It’s tempting to think of movie franchises as relatively new, but in one form or another they’ve been a staple of filmmaking for years. Think of basic examples such as the ‘Carry On’ films – basically the same characters re-appearing in different situations – and that’s the basis for a franchise. There’s more to it than that of course as franchises also tell an ongoing story and develop characters, but the general idea is the same; films in an easily recognisable grouping. Big studios have realized the long-term potential of such franchises and have evolved these into money-making machines.
Mini franchises and developments
There’s some debate as to what one might call a franchise as opposed to simply a succession sequels. For example, ‘The Godfather’ might be considered a mini-franchise with the elements of a known brand, mostly the same characters re-appearing and developing and a story being told, yet it’s possible to watch the films in a different order or miss one or more out.
Is ‘Jaws’ a franchise? Seemingly a one-off initially, several follow ups were made but it doesn’t have the coherent feel of an ‘intended’ franchise. Did the makers of the original ‘Jurassic Park’ intend it to become a franchise – especially since there were long gaps (over a decade) between releases? Perhaps it became a franchise by accident?
What did George Lucas have in mind when he made the original ‘Star Wars’ film back in 1977? Did he envisage the longevity the franchise now has and, as this run down by shows, huge commercial success?
It’s clear ‘Harry Potter’ was planned as a franchise – not least because of the number of books to draw from – and the all-important merchandising opportunities it provided. The ‘Star Wars’ franchise is developing from being a straightforward sequel (or prequel) progression to including spin-off films such as 2016’s ‘Star Wars: Rogue One’. It’s probably fair to say studios have become better at spotting what made the accidental ‘organic’ franchises successful over a long period and have been able to plan how to develop these traits from the outset.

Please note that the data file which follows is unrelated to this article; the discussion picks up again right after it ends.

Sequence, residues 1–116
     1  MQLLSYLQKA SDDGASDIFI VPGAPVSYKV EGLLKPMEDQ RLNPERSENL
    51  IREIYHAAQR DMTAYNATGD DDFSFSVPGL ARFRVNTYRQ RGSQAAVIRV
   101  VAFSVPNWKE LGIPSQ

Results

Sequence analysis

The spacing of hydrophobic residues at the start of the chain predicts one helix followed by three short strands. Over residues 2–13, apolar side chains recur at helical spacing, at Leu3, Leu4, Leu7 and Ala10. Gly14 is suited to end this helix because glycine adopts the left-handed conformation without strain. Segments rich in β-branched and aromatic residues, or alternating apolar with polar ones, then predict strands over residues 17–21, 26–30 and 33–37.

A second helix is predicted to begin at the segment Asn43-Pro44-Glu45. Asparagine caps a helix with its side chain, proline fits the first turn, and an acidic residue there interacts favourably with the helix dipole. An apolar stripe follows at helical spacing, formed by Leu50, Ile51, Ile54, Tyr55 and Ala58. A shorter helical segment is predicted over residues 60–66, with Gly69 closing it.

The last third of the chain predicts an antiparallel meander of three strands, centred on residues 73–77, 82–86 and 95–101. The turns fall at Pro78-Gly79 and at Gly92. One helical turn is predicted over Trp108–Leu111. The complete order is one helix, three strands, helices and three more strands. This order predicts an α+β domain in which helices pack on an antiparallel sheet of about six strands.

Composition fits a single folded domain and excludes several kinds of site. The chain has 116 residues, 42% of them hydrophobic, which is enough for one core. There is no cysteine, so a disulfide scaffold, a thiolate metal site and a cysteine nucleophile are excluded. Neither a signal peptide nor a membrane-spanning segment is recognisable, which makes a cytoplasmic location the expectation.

Marvelling at Marvel
Disney subsidiary Marvel Studios could arguably be dubbed the ‘kings of the franchise model’. With strong superhero characters and a carefully orchestrated cycle of releases, the filmmaker with admirable efficiency.
The main ‘Avengers’ series alternates with others such as ‘Iron Man’ under the general ‘Marvel Cinematic Universe’ umbrella. This way regular releases can be made without overdoing any one series. They are evolving this model by blending in the various series to the point where it could become one long franchise telling a unified story, yet with ‘standalone’ titles released as at present.
It’s clearly a model that is informing parent Disney’s future plans for its ‘Star Wars’ franchise – acquired in 2012 and kicked off with the – and is set to add even more value to the famous filmmaker.
DC stepping into the arena
Marvel’s rivals in the superhero comic world, DC, are about to take it on in superhero films with its ‘Batman v Superman’ release featuring characters such as Wonder Woman which will go on to take major roles in related films.
DC is owned by Warner Bros, which has its own franchise successes to point to such as mega hit ‘Harry Potter’, clearly sees a route to franchise success by benchmarking itself with its old adversary.
Overall, film franchises – just like in business terms – are a lot to do with brand recognition. Marvel carefully controls its films to the point where some new directors feel a little constricted by the studio’s formulaic approach, but it knows what its fans like and is happy to serve it up. Studios understand what franchises are, how to create and cultivate them and how they can deliver financial success over a long period.